If The Offence was a typical police-oriented movie, the most likely thing that would happen at this point would be that Johnson would somehow try to cover up what he did, and the rest of the movie he would try to hide what really happened. Yes, it's true what they say about pop rocks and sodaHowever, things go differently almost immediately after the suspect hits the floor - nearby policemen who heard the commotion burst into the room two seconds later and catch Johnson (bloody) red-handed over the collapsed suspect. Johnson doesn't even have time to entertain the notion of covering it up, and his fellow officers clearly refuse to do so. The other policemen promptly call for an ambulance, and Johnson's superiors force him to write and sign a statement, immediately placing him under suspension afterwards. The movie makes clear that this is one mess that cannot be cleaned up, and that Johnson is going to suffer some serious consequences. It might seem that from this point on, the movie will take us step by step up to and through Johnson's dealings with the justice system. But once again, The Offence surprises us. Though we are taken to the first few painful steps Johnson goes through (having to break the news to his wife, being subsequently interrogated by investigators), the movie is not about the price Johnson pays for his act. In fact, we never find out what punishment he's given, or even if he is punished or not. Instead, the rest of the movie tackles a bigger question: After twenty years of distinguished service, what on earth suddenly made Johnson commit such a horrible criminal act?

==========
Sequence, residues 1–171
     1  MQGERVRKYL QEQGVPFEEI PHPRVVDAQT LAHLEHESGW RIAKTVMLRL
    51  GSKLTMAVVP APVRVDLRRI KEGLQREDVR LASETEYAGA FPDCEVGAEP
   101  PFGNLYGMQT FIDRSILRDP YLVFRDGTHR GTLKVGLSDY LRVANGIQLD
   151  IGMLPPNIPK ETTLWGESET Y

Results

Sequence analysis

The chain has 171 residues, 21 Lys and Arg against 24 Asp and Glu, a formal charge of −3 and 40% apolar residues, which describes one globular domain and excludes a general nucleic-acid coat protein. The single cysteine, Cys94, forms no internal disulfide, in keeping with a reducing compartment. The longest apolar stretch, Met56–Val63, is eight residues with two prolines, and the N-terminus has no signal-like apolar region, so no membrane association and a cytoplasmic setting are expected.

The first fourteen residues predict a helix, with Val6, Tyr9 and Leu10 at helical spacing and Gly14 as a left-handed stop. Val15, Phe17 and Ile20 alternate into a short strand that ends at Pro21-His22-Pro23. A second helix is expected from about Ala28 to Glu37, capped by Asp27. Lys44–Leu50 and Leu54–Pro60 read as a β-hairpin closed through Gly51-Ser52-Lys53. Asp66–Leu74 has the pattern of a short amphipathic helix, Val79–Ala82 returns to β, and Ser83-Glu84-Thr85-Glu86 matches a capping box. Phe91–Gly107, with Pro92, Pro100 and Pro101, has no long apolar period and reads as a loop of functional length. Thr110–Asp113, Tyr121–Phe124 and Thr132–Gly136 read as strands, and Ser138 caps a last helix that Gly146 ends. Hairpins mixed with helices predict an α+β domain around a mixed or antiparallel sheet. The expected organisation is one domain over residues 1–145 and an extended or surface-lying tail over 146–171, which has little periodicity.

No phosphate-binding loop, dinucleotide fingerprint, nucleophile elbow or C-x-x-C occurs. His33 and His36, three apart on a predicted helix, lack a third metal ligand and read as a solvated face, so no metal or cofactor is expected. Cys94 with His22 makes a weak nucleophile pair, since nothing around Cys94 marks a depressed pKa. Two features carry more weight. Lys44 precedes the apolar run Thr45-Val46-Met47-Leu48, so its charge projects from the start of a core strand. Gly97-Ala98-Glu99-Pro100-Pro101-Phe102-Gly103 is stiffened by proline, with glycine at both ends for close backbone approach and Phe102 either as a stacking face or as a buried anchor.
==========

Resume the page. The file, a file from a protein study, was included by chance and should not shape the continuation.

Obviously, something happened in that interrogation room to drive Johnson to that act, but it's equally obvious that it has to be more than that, even before we get to to see an unedited flashback of the interrogation near the end of the movie. There are signs something is seriously wrong with Johnson even before he gets the suspect alone in the interrogation room, such as the strange curt remarks he keeps blurting out while the leader of the search team lays out the plans to find the missing girl. The suggestion is that Johnson has had his sanity slowly eroded from years on the job, from seeing countless horrible sights that most of us are fortunate never to see even once. Several times in the movie we get a taste of what Johnson has gone through. Driving home after committing the deed, we are shown what is going on in Johnson's mind - an almost endless string of crime scenes and accidents he has seen in his career as a policeman, each more ghastly than the next. Lumet emphasizes the horror by showing these scenes in near silence, so our attention is held on the carnage that's displayed. In a way, we are seeing these sights just like Johnson - without any distractions, or hopeful signs. You then start to understand the deep psychological damage he has suffered, and any critical viewpoint you had of him starts to soften.